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SubZeroGaming

RuneScape's Inventory and Item System.

6 posts in this topic

Hello,

I am creating a game framework similar to RuneScape. 

Can someone help me out with the logic behind an inventory and item system like RuneScape? I'm a little lost as to where to start :/

From my understanding here is how I want it to work.


I can right click an item in my inventory, and it will have the option to drop, use, or equip. depending on the item. It also may say eat or consume. 

ex:

sword = equip. 

lobster = consume
bronze bar = use

For the item manager...crap...I litterally have lost my train of thought... 

basically, I want my item system and inventory system to work 100% like runescape. Anyone able to point me in the right direction? 

Thank you so much!

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Hello,

I am creating a game framework similar to RuneScape. 

Can someone help me out with the logic behind an inventory and item system like RuneScape? I'm a little lost as to where to start :/

From my understanding here is how I want it to work.


I can right click an item in my inventory, and it will have the option to drop, use, or equip. depending on the item. It also may say eat or consume. 

ex:

sword = equip. 

lobster = consume
bronze bar = use

For the item manager...crap...I litterally have lost my train of thought... 

basically, I want my item system and inventory system to work 100% like runescape. Anyone able to point me in the right direction? 

Thank you so much!

Hello,

 

I've thought about this before, and have done something simular in the past.

 

For the inventory system (items shown as items) each one is essentially an image button, with each image representing an item (stored in an array) and then displayed 4 by 7(is it) on x,y part of the screen. on left click (& !mousemoved) the first option is automatically selected (more on that later). but if the mouse moved the item will be re-ordered in the inventory Array, list, vector, what have you.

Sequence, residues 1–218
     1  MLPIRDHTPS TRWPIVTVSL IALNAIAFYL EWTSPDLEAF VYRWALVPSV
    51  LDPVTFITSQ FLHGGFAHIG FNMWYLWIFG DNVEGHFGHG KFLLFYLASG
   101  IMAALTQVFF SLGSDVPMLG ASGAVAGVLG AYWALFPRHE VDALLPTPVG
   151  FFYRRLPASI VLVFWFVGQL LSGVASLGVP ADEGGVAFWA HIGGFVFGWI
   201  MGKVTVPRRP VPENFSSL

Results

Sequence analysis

The 'image button' differs from standard buttons because you can right click and a menu pops down, thinking back on how I did it (it was a while ago so might be a tad off). I had an array of all 'commands' and then depending on the item type (I dont know c#) but you could use something like java's/c++ instanceof opperator to check the type/subtype, and only display the ones needed. And from there the selected option goes into some type of command parser.

 

I didnt know how indepth you wanted his, but let me know if you want more / i tottally missed the point of this thread

Edited by dsm1891
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"basically, I want my item system and inventory system to work 100% like runescape."

 

Why not aspire to be better? If people want to play Runescape, they know where it is...

 

 

"you could use something like java's/c++ instanceof opperator"